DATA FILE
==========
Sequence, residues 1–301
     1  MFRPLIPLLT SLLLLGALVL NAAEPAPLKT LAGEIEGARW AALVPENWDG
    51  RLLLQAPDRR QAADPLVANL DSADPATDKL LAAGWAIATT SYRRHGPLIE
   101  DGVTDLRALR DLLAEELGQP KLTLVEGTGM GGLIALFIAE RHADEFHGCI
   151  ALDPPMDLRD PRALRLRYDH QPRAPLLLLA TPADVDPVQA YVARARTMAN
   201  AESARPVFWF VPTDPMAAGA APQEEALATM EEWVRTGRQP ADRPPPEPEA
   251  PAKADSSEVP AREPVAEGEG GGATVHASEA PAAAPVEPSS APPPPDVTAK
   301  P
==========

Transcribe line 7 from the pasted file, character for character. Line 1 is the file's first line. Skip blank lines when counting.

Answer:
   251  PAKADSSEVP AREPVAEGEG GGATVHASEA PAAAPVEPSS APPPPDVTAK